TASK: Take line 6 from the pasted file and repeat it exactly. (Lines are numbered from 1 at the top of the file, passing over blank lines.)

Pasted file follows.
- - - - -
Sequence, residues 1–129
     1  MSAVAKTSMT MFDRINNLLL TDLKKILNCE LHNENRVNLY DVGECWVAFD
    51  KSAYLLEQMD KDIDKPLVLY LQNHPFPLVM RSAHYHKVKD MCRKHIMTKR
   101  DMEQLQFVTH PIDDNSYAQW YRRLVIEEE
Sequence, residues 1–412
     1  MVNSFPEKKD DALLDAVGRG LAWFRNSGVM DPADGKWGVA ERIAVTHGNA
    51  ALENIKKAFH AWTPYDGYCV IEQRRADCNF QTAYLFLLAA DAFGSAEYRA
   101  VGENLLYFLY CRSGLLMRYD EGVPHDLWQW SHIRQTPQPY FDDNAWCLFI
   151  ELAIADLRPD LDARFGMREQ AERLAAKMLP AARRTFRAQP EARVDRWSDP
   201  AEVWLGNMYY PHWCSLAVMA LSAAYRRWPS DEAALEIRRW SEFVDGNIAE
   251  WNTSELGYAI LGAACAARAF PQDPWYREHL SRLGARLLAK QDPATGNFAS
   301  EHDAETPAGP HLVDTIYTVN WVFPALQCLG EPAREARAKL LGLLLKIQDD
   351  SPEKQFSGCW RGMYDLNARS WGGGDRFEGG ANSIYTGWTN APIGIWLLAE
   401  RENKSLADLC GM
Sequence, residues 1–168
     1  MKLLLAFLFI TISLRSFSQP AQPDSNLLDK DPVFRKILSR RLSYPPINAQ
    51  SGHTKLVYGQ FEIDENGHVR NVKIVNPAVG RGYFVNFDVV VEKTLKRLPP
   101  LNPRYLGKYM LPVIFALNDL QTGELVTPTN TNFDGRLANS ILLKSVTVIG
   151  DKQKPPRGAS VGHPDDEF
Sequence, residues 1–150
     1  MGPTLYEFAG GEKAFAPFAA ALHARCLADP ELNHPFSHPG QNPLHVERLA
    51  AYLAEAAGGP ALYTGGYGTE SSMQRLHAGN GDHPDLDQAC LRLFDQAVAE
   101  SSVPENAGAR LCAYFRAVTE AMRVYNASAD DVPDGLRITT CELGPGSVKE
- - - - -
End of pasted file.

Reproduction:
     1  MVNSFPEKKD DALLDAVGRG LAWFRNSGVM DPADGKWGVA ERIAVTHGNA